Credit: Shutterstock

How to pick the best cruise ship cabin - and the rooms you should never choose

Author: Sophie Chichester

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Cruise ship cabins are important to get right as picking the wrong room could end up ruining your trip. This is how to get the best one for you.

Cruise ship cabins vary enormously depending on the cruise line and ship.

While it might be easy to navigate smaller vessels' offerings, some of the big ships have up to 30 different grades of cabin, so selecting cruise accommodation can be confusing to the uninitiated.

Some cabins are big, some small, some with a window that doesn’t open, some with a restricted view, some for families... but which is best for you?

This is your guide to picking cruise cabins.

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How to choose cruise ship cabins

The first thing to know is that when you strip it all down there are just four types of cabin:


Inside cabins are the cheapest cabins, inside the ship with no window or porthole.


Outside cabins have a window or porthole but they won’t open.


Balcony cabins have their own private verandas.


Strictly speaking, a suite has separate sleeping and living areas (either different rooms or a curtain between the two), but some cruise lines use this moniker to mean a more spacious cabin.

Cruise cabins: Inside cabins are the cheapest cabins, inside the ship with no window or porthole. Credit: Shutterstock

Another area of confusion for cruising newcomers is the term ‘stateroom’, which is simply a word cruise lines like to use because it sounds grander than 'cabin'.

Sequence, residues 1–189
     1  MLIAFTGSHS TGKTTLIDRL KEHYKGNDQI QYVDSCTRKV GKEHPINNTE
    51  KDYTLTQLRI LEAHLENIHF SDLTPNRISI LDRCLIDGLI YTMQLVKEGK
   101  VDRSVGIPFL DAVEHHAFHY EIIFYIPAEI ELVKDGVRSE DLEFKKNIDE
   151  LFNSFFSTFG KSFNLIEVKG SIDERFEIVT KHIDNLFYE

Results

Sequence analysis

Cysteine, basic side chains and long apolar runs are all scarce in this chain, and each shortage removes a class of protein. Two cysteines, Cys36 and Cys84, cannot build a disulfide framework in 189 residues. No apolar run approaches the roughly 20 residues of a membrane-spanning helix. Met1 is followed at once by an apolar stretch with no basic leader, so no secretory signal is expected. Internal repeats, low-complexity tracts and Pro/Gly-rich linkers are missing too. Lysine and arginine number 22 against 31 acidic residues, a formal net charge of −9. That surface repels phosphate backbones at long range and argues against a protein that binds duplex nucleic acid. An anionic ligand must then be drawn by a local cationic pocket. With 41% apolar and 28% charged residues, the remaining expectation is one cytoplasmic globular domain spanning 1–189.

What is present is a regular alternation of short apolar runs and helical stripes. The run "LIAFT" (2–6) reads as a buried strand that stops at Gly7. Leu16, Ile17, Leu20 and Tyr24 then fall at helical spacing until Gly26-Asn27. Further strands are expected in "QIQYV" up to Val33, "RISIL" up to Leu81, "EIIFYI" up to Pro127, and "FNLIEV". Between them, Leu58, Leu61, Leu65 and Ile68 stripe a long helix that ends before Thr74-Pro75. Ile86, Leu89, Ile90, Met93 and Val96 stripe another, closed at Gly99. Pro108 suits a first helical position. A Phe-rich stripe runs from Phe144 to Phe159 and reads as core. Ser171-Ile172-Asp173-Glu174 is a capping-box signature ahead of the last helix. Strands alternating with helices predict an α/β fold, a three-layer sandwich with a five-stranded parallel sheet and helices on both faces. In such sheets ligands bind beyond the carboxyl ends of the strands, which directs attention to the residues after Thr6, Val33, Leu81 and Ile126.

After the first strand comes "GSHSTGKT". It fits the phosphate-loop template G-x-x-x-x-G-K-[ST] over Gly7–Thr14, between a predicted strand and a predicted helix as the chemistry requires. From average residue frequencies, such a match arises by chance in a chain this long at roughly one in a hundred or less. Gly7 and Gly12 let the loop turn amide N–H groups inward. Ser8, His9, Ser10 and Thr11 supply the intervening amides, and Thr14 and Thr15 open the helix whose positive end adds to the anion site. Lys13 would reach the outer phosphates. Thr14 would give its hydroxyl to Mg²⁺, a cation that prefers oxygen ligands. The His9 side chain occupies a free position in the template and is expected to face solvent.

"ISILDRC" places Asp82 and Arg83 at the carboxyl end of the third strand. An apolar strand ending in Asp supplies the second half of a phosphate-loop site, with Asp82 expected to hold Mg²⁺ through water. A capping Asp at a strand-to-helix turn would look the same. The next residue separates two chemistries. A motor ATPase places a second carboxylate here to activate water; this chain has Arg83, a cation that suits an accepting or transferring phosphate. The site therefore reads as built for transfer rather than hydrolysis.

But at the end of the day, it is still a cabin. Staterooms come with a range of fixtures and fittings as standard including a TV, minibar and hairdryer, and most have private safes.

- READ MORE: What to pack for a cruise holiday - eight top tips -

All have ensuite bathrooms with tubs or showers (or sometimes both); the best cruise lines provide toiletries. In short, everything you would expect from a modern hotel room – and sometimes more.

Cabin prices are determined by grade and location. Rooms on the lowest decks are the cheapest and they get more expensive the higher up you go.

Cruise cabins: Cabin prices are determined by grade and location. Credit: Virgin Voyages

The most expensive suites are often at the very front and back of the ship, but you also pay a premium for a more central position.

Which cabin you choose obviously depends on how much you want to spend, but there are other things to consider.

- READ MORE: Cruise ship rules and regulations you need to know -

If seasickness is a concern, pick a cabin on a lower deck in the middle of the ship as there will be less movement.

If you are sensitive to noise, avoid a room just below the lido deck or the gym, or close to the engine room; if mobility is an issue, pick accommodation close to the lifts.

Cruise cabins: The most expensive suites are often at the very front and back of the ship. Credit: Seabourn

There are spa cabins and suites that come with perks, including free access to the thermal suite. If you are travelling with children, you may want to pick a cabin close to the kids’ clubs and children’s facilities.

Most cabins are for two people, although more companies are adding single accommodation to cater for the growing number of people who cruise alone.

- READ MORE: Which cruise ships have solo cabins? From P&O to Royal Caribbean -

Two-bedded rooms usually have a choice of double or twin beds, and many also have a third or fourth berth (either a sofa bed or a bunk that drops from the ceiling).

These are good for families but can be cramped. For more space, choose a family suite or two cabins with an interconnecting door.

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